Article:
10. Avatar
    WaterfrontSunrise  May 27, 2020

    If the Greek-speaking, Gentile gospel writers indeed didn’t know what it meant, implying a rooting for the name more relevant to the earliest Aramaic-speaking Christians, wouldn’t this more or less mean Paul had to know of the Judas story? I.e. if the whole character is independently attested to have existed and aspects of his person are meaningful only in an early Palestinian context (despite later propagation) how could he *not* have been part of the early Palestinian-Christian corpus taught to a converted Paul?

    • Bart
      Bart  May 27, 2020

      The answer is a bit surprising, and has two prongs: (1) there was not a single early Palestinian =Christian corpus of teaching in circulation, but lots of traditions in various places throughout Judea and Galilee and (2) it appears Paul was *not* taught much if anything by the Christians in Israel who were on the scene before him. He is often quite insistent that they gave him almost nothing (since he had a revelation from Jesus himself, he didn’t need much from them)

  11. Avatar
    GeoffClifton  May 27, 2020

    All of the ‘popular’ books I had read back in the day seemed to plump for the ‘sicarii’ explanation and I had not come across the other possibilities as to the derivation of Iscariot. So it was interesting to read about them. I think the ‘Isqa-re-ut’ explanation appeals most to me, as it seems closest to Iscariot in terms of pronunciation but that is just my gut feeling.

  12. Avatar
    Thespologian  May 27, 2020

    And if a story has multiple Marys from Magdala, how was that handled? Like email? MaryMagdalene-2,3 etc.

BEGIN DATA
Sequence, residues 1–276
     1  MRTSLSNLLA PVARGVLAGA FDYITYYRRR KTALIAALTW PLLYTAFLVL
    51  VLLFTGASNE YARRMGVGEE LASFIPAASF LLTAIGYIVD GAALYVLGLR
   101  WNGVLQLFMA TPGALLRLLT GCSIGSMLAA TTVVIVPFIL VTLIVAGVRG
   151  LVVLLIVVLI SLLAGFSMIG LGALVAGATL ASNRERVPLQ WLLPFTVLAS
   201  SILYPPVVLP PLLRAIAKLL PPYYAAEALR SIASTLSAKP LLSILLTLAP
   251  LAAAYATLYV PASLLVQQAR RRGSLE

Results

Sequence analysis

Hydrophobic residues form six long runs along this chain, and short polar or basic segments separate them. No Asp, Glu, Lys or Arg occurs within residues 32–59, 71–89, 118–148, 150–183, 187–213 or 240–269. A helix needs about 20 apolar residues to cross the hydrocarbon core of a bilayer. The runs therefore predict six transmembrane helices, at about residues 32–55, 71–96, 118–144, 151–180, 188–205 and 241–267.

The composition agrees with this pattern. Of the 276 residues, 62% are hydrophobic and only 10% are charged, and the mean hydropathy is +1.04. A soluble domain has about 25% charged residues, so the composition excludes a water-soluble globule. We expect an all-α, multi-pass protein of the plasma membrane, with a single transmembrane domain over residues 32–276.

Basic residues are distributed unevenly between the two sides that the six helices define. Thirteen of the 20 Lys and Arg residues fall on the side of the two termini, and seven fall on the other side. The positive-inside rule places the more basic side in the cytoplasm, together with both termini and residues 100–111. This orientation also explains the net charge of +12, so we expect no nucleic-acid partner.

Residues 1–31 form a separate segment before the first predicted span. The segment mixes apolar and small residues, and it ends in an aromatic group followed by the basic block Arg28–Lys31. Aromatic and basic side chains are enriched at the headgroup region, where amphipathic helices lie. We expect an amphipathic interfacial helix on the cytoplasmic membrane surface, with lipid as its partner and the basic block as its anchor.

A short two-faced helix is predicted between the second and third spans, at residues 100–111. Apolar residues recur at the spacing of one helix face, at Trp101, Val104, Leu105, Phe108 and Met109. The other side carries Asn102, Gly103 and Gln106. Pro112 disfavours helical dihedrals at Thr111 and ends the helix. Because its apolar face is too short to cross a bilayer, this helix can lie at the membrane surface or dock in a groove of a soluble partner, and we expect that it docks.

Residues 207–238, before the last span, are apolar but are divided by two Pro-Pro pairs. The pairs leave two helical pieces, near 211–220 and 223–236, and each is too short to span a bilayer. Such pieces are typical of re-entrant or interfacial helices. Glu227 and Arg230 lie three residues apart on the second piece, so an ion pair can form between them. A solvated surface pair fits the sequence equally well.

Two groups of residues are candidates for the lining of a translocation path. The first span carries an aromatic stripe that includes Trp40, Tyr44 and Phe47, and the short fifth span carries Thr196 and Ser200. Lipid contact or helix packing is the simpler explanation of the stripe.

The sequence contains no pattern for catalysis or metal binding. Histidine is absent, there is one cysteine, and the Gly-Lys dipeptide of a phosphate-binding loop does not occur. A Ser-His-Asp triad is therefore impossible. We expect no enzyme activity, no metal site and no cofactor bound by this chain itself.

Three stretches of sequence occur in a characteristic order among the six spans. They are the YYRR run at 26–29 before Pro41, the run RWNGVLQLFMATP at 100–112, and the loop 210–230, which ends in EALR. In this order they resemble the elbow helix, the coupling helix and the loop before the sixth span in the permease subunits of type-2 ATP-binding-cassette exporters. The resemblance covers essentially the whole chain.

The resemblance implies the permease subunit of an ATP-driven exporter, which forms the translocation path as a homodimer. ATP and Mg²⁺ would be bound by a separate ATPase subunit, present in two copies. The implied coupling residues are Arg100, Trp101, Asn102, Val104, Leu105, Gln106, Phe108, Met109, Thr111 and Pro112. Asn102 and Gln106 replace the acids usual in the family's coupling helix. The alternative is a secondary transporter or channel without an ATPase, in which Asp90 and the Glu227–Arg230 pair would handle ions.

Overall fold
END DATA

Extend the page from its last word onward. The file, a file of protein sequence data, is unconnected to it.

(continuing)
• Bart
      Bart  May 29, 2020

      I’m not sure! I don’t think there are any such stories!

  13. Avatar
    Leovigild  May 27, 2020

    Of the various sobriquets found in the Gospels, what percentage are geographic in origin, and how many of other types (occupation, physical characteristics, etc.)?

    • Bart
      Bart  May 29, 2020

      Great question. I haven’t added them up. Some are geographical (Arimathea, Magdala, Nazareth) others are descriptive (Peter/Petros/Cephas; Boanerges; the Zealot) and others are relational (son of Zebedee, son of Jonah). Not sure what the percentages are….

  14. Avatar
    Lms728  May 28, 2020

    Speaking of descriptive designations….Mark 16:1, Matthew 27:56, and Luke 24:10 all refer to “Mary the mother of James.” What are your thoughts about who this “James” was?

    • Bart
      Bart  May 29, 2020

      I’ve never been sure; it was a common name.

      • Avatar
        Lms728  May 29, 2020

        I’ve always been curious about “James the brother of Jesus.” Would you consider doing a post on him one day? A leader in the early church but ignored by the evangelists. How odd is that!

  15. Avatar
    Chad Stuart  May 29, 2020

    After reading your book, I tend to agree with the conclusion that it was a misspelling of “ish-Kerioth” since other people in the Bible are named after where they are from (Magdalene).

    While we’ll never know, it seems logical that since the tradition had been passed orally the author of Mark, having no knowledge of a place named Kerioth, simply wrote down the name the way he thought it should be written.